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One-in-Six Helps Lift the Promise of Radiowave Cancer Treatment

One-in-Six Helps Lift the Promise of Radiowave Cancer Treatment

One-in-Six Helps Lift the Promise of Radiowave Cancer Treatment

In 2011, MD Anderson Cancer Center in Houston, Tx., recognized the One-In-Six Foundation for its contribution to the cutting-edge Kanzius Noninvasive Radiowave Cancer Treatment Project.

The Kanzius Project is studying the use of radio waves to treat nine different types of cancer -- including prostate cancer -- via an external radio-frequency machine. In 2003, following his own diagnosis with leukemia, the late inventor John Kanzius sparked the idea of using radio waves to heat and kill cancer cells targeted with microscopic pieces of metal.

Kanzius, who lived near Erie, Pa., died in 2009. His idea continues to gain momentum in studies on animals.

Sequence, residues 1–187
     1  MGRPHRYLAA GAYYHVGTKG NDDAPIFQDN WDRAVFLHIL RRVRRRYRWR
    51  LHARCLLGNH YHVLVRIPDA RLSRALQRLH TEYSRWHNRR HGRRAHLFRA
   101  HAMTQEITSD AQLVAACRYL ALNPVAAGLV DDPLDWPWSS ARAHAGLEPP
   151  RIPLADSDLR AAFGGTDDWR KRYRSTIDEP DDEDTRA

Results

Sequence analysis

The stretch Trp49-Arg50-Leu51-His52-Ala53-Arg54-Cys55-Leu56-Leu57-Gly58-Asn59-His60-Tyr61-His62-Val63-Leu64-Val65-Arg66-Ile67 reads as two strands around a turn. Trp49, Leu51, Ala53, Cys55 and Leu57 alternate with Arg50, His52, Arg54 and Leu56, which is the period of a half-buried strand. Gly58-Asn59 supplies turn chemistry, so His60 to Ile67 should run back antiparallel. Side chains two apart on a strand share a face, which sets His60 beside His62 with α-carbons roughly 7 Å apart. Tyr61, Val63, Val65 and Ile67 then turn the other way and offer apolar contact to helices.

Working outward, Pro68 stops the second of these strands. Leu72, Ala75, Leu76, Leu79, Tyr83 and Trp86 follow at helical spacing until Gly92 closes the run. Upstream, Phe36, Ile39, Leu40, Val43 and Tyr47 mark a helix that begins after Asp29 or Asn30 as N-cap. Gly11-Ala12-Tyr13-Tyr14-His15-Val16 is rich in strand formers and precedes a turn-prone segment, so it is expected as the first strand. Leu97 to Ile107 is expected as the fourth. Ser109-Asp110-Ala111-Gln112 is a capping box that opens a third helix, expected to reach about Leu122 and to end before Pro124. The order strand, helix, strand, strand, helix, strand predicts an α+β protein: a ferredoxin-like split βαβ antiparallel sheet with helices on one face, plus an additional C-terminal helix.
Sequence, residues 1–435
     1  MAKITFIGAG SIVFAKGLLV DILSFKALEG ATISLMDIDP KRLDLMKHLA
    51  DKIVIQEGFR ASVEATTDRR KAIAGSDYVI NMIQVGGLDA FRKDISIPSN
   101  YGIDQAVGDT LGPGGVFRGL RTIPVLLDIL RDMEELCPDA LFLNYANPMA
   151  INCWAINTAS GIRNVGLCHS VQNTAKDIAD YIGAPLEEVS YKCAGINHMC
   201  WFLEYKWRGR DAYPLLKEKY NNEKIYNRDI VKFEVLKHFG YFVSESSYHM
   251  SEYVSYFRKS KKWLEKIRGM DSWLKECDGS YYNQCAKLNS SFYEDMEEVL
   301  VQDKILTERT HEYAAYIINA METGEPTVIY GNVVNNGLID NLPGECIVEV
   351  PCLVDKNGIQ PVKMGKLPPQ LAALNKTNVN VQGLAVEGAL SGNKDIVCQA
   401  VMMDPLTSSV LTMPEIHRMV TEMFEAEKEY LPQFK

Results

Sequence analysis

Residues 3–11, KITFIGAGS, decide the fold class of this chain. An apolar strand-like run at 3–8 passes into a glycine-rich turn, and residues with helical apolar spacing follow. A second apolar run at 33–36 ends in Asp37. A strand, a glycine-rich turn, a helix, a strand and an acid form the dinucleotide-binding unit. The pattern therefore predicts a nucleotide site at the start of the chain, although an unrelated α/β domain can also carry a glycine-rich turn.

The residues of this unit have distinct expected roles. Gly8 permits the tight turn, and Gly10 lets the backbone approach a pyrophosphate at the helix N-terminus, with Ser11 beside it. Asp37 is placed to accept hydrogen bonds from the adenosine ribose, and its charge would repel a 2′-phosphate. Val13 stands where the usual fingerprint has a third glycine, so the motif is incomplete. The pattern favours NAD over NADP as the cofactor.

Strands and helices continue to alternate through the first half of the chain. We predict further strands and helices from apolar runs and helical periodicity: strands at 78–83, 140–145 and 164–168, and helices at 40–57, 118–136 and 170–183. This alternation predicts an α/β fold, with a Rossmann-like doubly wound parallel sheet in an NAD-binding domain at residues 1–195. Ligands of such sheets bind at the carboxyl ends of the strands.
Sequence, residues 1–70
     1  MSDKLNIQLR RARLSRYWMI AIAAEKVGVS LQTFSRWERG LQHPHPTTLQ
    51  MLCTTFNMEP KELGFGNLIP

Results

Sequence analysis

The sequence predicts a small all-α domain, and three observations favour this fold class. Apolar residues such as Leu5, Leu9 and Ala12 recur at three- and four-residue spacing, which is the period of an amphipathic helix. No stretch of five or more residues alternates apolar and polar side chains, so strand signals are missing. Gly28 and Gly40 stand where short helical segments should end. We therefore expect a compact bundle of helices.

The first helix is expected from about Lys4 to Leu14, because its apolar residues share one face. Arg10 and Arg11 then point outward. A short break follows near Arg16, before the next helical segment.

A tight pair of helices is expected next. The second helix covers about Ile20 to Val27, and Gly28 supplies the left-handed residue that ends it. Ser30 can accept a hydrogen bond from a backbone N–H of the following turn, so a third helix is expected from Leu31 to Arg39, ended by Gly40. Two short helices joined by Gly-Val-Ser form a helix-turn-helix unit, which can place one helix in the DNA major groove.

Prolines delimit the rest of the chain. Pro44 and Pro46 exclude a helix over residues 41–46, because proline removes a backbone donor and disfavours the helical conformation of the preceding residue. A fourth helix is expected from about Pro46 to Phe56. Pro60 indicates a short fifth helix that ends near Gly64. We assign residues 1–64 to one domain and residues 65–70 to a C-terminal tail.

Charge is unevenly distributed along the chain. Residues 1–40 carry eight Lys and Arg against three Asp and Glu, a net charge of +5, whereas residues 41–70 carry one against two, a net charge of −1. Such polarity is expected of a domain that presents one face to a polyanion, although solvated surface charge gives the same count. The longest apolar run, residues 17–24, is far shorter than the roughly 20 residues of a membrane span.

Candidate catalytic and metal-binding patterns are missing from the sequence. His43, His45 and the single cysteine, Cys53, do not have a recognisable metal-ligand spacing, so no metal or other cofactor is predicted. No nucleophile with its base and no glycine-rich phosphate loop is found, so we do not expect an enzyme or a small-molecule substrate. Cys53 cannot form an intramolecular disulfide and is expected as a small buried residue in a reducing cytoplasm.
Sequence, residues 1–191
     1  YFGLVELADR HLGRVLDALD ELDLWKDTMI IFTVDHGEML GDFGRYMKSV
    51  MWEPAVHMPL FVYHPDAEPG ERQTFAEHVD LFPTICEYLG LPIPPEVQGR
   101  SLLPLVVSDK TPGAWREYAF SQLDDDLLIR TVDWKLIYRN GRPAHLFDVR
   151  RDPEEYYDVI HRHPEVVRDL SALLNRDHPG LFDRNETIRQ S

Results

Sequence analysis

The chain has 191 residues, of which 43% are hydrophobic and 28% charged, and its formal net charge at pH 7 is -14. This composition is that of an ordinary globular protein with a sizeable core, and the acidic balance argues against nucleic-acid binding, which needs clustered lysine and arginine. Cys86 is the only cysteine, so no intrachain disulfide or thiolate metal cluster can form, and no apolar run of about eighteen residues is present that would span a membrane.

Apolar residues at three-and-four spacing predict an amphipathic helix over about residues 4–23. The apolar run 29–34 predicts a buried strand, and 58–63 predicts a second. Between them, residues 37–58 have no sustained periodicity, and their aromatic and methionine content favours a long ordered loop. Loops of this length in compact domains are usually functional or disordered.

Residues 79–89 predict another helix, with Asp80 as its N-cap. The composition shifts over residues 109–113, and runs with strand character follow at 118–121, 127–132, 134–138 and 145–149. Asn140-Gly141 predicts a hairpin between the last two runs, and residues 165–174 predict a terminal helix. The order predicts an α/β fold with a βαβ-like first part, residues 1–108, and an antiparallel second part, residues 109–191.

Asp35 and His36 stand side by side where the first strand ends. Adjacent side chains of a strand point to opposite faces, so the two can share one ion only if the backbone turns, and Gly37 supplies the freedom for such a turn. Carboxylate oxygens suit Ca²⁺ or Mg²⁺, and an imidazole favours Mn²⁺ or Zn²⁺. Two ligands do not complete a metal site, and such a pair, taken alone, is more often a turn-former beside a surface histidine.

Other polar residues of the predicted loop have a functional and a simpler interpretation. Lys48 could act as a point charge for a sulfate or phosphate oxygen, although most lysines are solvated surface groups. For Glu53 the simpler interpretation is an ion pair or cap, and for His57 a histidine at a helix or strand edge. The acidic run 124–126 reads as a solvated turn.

In particular, the Kanzius Cancer Research Foundation reports preliminary findings showing cancer cells "have been destroyed noninvasively and with no side effects or illness" to subjects. Research is taking place at the University of Pittsburgh Medical Center. Breast, colon, and lung cancer, melanoma and leukemia are among the cancers under study in the project.

In July 2012, the Erie Times-News published an article noting that Kanzius researchers at M.D. Anderson "are already getting results" and see exciting promise.

One-in-Six contributed to this research because it showed promise as an alternative method of treating prostate cancer without damaging healthy cells and without causing ill side effects.